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Interview: Dr. Strober on Combination Therapy for Babies With SMA

Posted on September 21, 2021
Medically reviewed by
Jonathan Strober, M.D.
Article written by
Kelly Crumrin

  • Many parents of children with spinal muscular atrophy (SMA) have questions about combination therapy — treating SMA with two or more approved medications.
  • The long-term safety and effectiveness of combination therapy is still unknown.
  • Decisions about treatment combinations are made by parents in partnership with the child’s neurologist.
  • It may be difficult to get health insurance to cover a second SMA treatment unless it is administered as part of a clinical trial.

Before 2016, there was no treatment to change the course of spinal muscular atrophy. Now, three therapies have been approved by the U.S. Food and Drug Administration (FDA) to treat the condition:

  • Zolgensma (onasemnogene abeparvovec-xioi), a gene therapy that must be administered by IV infusion before age 2
  • Spinraza (nusinersen), which is injected intrathecally (into the spinal canal) once every four months and is approved for both children and adults
  • Evrysdi (risdiplam), an oral medication for those 2 months and older

With multiple treatments available, parents of children with SMA have questions about whether combinations of these therapies might provide even better outcomes, and whether they are safe. An early report about risdiplam after gene therapy has shown promising results, but long-term research is needed to better understand the safety and effectiveness of this approach or any other treatment combination. To date, no research has been published comparing the results of different combinations of SMA therapies.

Many questions remain about combination therapy for children with SMA. To gain a better understanding of this topic, mySMAteam talked with Dr. Jonathan Strober. Dr. Strober is a specialist in childhood disorders of the nerves and muscles. He directs the Neuromuscular Clinic at the UCSF Benioff Children’s Hospital.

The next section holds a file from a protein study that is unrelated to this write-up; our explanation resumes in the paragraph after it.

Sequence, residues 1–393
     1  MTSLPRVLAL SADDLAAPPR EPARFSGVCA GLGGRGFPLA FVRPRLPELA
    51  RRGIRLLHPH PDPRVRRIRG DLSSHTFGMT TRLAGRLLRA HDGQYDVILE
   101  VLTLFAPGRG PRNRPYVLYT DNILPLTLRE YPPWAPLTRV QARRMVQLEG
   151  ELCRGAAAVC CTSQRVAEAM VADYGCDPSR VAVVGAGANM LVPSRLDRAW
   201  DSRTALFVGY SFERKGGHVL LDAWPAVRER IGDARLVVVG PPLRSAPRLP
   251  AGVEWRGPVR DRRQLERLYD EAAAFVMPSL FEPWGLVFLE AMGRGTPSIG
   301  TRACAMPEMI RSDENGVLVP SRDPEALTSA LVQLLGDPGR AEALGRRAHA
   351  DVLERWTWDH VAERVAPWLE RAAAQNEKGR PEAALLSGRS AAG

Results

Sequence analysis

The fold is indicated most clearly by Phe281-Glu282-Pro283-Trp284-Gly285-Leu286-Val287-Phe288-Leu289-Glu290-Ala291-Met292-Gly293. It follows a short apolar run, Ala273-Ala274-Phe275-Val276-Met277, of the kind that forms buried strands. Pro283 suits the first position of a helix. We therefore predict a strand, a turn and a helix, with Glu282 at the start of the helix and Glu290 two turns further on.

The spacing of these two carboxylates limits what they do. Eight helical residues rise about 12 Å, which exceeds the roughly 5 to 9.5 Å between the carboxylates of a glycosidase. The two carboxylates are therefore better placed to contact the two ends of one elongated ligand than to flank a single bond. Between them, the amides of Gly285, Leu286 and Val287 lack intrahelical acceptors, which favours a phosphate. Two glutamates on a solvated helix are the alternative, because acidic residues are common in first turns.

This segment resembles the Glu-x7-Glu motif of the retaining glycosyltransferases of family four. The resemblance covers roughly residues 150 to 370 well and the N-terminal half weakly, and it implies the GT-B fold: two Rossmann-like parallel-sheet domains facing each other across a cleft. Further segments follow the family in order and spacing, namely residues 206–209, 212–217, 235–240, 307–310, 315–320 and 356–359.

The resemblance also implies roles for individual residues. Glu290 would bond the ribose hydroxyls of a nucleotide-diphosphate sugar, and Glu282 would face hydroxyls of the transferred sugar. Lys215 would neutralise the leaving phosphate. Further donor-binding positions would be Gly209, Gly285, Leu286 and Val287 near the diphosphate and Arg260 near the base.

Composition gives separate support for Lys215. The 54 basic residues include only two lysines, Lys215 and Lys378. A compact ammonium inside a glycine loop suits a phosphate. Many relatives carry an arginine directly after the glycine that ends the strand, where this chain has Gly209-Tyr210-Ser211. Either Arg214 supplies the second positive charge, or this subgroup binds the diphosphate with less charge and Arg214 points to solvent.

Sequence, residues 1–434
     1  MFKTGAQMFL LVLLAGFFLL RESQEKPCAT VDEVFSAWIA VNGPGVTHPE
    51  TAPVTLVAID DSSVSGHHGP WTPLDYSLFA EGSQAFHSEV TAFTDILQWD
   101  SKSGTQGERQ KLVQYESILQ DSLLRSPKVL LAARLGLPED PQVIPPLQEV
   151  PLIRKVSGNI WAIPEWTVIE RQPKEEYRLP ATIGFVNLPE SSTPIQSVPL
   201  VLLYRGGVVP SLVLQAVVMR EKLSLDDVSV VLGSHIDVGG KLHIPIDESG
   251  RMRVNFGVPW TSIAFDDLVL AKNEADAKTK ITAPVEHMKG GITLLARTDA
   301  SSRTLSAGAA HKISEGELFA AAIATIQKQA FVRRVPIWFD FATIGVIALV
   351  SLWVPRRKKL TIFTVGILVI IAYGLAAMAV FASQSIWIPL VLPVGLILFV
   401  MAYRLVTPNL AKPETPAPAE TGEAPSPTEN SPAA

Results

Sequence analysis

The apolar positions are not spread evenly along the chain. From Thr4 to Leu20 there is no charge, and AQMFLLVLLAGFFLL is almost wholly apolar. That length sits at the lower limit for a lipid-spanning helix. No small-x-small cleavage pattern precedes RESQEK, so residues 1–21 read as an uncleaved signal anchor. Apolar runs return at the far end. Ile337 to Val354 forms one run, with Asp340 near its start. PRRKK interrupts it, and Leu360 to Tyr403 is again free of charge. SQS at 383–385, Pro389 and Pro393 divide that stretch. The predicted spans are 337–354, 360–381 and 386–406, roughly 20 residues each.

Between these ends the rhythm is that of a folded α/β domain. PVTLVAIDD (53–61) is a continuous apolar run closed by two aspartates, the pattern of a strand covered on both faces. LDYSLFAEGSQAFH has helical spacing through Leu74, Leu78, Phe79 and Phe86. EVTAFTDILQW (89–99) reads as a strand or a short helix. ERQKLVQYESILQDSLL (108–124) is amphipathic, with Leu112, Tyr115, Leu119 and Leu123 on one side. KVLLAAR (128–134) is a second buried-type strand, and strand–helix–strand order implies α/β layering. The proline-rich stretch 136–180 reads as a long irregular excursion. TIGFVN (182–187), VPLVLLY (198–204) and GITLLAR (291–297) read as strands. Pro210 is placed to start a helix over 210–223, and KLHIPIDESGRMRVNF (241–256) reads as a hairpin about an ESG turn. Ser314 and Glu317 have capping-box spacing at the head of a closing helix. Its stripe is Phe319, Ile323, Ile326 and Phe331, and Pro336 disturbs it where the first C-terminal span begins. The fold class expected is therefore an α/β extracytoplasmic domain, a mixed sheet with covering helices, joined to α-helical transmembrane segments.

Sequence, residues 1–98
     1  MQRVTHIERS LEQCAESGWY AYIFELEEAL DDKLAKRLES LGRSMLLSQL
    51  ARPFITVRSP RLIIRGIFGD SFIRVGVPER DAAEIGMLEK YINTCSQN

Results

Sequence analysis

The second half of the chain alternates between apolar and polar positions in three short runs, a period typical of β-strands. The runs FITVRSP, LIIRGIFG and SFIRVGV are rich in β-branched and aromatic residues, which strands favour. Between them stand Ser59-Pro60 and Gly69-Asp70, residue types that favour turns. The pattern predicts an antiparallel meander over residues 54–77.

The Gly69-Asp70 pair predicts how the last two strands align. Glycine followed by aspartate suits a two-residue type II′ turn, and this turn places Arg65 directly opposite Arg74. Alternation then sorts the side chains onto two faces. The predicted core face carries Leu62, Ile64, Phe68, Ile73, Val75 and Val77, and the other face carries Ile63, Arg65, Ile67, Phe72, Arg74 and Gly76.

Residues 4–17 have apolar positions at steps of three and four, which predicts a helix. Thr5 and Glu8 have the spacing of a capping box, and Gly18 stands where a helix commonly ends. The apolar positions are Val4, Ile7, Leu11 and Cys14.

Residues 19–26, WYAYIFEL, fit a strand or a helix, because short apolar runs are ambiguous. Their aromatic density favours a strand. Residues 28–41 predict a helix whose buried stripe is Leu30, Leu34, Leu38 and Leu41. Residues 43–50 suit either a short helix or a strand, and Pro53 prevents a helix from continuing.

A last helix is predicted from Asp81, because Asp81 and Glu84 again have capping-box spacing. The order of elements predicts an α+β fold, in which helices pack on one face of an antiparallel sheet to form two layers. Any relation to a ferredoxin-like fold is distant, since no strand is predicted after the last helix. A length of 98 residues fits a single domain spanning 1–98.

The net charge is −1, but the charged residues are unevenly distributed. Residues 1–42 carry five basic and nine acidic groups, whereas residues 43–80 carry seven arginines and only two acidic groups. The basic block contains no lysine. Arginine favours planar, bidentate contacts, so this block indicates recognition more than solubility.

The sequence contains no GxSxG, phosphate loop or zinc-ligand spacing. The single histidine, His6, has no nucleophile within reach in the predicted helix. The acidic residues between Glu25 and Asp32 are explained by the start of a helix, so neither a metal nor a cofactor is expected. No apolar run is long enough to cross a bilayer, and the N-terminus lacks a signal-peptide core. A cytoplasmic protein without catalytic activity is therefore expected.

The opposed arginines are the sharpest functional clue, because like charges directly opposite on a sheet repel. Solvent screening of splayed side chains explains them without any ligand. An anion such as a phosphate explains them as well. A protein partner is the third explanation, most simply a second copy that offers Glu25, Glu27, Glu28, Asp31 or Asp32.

Can you explain the strategy behind combination therapy in SMA?

In SMA, you have two copies of this gene, the SMN (survival motor neuron) gene. This SMN gene copy one is abnormal in people who have all types of SMA. And then we have the second copy of the gene that sometimes works and sometimes doesn’t work. Spinraza and Evrysdi work on that second copy, and gene therapy is giving you the first copy. So if you give somebody that first copy, but at the same time you increase the amount of protein being made with the second copy so that you have more full-length SMN protein, it makes sense that patients may do better.

I can’t say definitely, because there’s no data to prove any of that. But people are studying combinations to see whether we can start a newborn on both and then either taper the continuing treatment off over time or continue with it.

There’s a clinical trial in which babies who have gotten Zolgensma are getting Spinraza. And I know that there are patients who have gotten Evrysdi after getting Zolgensma. Those combinations make sense in my mind because either Spinraza or Evrysdi works in a different way from Zolgensma.

Which SMA treatment do you most frequently recommend as an initial treatment for infants diagnosed with SMA, and why?

It’s very important to talk to your child’s health care providers and find out what all the pros and cons of all the different medications are before making a decision. Right now, my preference is to try and start with Zolgensma, the gene therapy, with newborns or very young babies. The nice thing about Zolgensma is that it’s a one-time treatment. It’s given with steroids to prevent the possibility of complications from gene therapy, and steroids may cause some temporary side effects. It’s not a no-risk treatment, but it’s low-risk.

Since Zolgensma is a gene therapy, it’s also a viral product — that is how we give gene therapies, through a virus. Some babies may have antibodies to that virus through breastfeeding, and then you can’t treat with Zolgensma right away. Typically what we do is check for antibodies when we’re confirming a diagnosis from a newborn screening. If there are antibodies, we might wait for two months to see whether the antibodies go away so we can give Zolgensma, or we might start with Spinraza instead since Evrysdi cannot currently be started before 2 months of age.